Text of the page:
The mystery and occultism that surrounds the well and some characters is an essential part of the intrigue and will definitely force you to turn the pages to discover why. Indeed, as Toru is leading his own quest, the reader will engage in a search for answers as well.

Because of all these aspects, I can say that I appreciate the novel for its form as literary art.

Mesmerising, surreal, this really is the work of a true original,

The Times.

Deeply philosophical and teasingly perplexing, it is impossible to put down,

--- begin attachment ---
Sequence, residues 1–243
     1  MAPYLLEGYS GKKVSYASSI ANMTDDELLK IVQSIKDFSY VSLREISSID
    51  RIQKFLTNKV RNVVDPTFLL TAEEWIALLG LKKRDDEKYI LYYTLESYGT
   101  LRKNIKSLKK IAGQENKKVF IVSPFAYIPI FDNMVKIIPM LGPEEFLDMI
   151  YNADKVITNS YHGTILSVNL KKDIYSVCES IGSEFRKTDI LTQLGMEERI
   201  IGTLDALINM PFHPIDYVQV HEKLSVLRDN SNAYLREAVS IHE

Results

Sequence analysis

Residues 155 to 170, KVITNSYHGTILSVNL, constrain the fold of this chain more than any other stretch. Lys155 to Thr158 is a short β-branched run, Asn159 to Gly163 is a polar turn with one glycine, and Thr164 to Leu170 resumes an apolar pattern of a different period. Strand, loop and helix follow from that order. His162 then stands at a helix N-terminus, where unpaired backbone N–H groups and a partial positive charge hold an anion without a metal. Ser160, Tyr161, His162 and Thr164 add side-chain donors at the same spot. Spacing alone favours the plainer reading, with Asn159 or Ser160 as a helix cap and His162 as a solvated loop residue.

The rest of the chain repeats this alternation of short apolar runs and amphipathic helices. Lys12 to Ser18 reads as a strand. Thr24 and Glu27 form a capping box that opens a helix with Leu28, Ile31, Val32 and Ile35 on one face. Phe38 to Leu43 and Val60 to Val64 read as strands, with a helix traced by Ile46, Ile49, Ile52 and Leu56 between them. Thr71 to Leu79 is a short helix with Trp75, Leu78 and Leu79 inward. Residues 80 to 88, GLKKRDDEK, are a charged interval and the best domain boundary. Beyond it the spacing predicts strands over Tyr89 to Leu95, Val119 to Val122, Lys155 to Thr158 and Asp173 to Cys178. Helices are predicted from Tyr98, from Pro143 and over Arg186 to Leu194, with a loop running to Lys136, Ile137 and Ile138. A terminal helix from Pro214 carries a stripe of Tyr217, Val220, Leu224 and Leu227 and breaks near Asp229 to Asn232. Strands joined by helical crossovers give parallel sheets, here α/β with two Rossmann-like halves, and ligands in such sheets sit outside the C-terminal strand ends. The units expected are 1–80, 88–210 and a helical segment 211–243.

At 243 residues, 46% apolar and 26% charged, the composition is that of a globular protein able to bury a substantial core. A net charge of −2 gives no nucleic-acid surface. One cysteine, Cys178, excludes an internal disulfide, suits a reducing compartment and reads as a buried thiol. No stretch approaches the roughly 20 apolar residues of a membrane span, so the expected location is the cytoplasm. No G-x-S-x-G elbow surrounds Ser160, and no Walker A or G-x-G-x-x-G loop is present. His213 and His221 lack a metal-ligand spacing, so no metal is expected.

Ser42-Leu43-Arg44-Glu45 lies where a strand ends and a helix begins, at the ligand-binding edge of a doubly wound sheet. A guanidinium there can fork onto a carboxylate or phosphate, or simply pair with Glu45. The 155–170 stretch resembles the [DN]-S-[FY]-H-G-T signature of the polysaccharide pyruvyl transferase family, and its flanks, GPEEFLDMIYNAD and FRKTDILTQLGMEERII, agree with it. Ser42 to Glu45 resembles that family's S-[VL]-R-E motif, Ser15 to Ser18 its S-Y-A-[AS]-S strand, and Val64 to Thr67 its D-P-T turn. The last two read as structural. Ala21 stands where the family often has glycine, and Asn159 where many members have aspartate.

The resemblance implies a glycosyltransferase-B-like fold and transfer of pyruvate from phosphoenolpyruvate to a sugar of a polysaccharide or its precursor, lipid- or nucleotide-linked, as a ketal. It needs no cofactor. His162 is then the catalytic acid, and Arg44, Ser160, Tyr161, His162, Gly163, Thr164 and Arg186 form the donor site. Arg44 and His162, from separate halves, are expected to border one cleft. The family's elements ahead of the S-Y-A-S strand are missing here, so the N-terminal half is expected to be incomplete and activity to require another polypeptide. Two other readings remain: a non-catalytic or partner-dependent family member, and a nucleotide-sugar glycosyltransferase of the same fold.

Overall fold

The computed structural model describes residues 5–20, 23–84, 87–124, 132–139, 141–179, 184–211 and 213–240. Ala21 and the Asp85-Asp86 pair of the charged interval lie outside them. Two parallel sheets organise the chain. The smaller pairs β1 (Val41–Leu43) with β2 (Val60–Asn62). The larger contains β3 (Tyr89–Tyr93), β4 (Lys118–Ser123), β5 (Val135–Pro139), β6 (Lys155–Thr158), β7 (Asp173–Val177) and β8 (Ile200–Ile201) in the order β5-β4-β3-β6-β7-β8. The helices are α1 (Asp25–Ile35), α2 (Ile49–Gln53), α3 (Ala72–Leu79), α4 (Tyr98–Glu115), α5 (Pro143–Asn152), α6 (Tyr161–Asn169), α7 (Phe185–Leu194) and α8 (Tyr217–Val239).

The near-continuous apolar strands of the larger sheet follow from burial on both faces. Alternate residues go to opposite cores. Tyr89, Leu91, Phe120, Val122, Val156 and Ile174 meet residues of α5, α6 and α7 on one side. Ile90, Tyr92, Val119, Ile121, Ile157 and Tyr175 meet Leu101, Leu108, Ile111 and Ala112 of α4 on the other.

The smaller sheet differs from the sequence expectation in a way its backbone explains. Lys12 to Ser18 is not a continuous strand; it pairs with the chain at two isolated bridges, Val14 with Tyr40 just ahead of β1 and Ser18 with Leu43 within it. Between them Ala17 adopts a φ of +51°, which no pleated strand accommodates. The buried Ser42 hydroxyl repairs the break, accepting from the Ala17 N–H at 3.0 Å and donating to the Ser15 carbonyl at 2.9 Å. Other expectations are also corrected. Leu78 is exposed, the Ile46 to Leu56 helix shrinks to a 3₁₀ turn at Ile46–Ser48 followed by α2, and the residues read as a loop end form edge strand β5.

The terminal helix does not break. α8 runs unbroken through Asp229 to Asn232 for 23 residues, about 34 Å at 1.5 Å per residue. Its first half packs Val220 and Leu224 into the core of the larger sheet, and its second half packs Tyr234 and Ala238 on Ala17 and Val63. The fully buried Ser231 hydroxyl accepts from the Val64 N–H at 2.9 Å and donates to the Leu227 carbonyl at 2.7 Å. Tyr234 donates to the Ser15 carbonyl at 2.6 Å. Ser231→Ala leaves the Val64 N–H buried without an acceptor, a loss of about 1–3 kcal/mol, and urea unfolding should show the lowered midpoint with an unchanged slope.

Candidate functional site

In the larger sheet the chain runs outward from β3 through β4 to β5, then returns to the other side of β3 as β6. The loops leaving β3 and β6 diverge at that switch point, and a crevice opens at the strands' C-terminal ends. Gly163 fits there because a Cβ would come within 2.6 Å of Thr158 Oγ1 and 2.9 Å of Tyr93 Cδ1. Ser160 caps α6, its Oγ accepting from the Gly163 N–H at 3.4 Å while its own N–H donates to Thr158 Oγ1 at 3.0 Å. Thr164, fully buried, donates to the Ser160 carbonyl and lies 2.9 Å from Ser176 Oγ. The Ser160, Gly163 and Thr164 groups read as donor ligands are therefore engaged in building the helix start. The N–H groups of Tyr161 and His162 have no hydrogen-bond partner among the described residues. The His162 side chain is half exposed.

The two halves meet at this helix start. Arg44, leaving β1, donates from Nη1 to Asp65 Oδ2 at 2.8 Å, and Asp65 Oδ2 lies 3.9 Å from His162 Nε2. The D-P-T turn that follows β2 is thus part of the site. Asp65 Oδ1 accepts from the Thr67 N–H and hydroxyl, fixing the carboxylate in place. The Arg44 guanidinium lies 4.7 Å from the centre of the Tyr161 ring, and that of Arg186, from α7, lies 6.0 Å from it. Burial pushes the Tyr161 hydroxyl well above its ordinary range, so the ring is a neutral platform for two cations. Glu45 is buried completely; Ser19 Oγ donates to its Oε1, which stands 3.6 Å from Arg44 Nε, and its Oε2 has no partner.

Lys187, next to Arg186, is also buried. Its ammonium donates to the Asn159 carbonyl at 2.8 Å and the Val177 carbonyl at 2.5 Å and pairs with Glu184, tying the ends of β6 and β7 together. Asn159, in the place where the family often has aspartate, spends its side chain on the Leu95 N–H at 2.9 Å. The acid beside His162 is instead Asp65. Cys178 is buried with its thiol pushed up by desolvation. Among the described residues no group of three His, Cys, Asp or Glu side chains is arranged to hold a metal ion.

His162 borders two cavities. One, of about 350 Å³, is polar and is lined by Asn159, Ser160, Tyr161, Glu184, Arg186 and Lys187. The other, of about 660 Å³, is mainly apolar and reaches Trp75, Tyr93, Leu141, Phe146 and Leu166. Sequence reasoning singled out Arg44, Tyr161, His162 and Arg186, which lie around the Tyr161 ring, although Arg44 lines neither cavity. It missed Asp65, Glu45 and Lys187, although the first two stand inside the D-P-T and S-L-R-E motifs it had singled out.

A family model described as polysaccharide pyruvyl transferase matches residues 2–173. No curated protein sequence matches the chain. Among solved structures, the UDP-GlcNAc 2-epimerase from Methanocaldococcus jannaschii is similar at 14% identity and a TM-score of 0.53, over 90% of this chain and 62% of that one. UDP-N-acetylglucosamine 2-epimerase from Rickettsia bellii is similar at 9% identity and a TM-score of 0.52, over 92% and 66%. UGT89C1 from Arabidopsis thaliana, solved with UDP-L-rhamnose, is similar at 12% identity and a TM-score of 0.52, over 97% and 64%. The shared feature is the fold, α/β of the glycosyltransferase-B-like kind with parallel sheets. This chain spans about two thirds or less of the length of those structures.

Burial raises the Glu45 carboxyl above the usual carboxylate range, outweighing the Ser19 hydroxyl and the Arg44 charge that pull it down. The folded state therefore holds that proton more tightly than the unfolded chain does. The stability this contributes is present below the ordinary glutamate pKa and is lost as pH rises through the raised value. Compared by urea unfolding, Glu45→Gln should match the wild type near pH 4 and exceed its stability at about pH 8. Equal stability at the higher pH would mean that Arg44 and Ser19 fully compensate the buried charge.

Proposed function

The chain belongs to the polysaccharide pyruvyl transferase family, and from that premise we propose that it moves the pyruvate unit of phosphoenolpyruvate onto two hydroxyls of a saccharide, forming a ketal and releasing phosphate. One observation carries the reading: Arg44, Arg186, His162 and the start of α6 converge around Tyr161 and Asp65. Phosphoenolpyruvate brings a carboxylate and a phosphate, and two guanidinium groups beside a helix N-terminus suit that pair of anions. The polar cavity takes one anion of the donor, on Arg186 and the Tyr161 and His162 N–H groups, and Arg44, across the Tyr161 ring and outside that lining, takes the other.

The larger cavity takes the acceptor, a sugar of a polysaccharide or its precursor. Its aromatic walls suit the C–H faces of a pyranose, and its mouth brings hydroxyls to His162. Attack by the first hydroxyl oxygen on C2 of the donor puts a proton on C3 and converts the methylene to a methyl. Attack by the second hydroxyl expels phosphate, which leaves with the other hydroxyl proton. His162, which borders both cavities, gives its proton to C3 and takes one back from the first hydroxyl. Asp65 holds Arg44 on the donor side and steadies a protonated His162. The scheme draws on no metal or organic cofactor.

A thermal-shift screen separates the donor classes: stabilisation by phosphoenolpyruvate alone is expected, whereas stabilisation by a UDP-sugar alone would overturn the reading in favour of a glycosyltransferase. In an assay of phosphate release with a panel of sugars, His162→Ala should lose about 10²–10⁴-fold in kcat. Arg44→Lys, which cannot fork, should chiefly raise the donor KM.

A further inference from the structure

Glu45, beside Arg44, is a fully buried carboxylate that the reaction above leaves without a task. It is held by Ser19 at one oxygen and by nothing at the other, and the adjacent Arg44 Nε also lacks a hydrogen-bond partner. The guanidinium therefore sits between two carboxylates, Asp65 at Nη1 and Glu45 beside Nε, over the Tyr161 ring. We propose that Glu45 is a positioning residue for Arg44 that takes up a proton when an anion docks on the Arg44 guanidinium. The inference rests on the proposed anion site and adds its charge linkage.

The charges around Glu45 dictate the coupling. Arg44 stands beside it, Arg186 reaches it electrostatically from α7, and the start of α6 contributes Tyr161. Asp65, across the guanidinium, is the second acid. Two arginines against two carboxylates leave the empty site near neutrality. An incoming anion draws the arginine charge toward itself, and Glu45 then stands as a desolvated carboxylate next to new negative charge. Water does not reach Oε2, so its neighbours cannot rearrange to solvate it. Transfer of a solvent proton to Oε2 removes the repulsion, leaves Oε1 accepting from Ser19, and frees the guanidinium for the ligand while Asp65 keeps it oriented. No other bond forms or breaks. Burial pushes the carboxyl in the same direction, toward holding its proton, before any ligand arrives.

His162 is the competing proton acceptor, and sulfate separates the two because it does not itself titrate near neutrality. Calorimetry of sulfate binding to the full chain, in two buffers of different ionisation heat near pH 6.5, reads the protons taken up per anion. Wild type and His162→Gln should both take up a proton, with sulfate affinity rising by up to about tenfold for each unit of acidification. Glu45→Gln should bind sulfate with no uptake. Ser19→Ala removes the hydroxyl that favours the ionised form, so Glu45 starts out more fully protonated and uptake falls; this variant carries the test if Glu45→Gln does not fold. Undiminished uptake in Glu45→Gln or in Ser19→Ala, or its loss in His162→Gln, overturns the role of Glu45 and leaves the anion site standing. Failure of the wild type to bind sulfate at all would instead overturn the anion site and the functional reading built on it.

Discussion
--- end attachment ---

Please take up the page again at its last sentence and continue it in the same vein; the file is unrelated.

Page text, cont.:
Daily Telegraph.

Now, as I said earlier, the form of the book is to be admired in its construction and power to absorb you in the author’s world; however, the core story doesn’t meet my expectations, and a couple of things left me unsatisfied.

It is purely a matter of personal taste, but I was quite hesitant regarding the presence of sex right from the beginning. Sexual images should be used, in my opinion, as a tool to add another dimension to an already well-established atmosphere. In this book, the recurrent presence of sex made me feel sometimes uncomfortable, even though brought up by a stylistic genius, it left me asking myself: “Why was this necessary?” A question I will, unfortunately, be confronted with too often.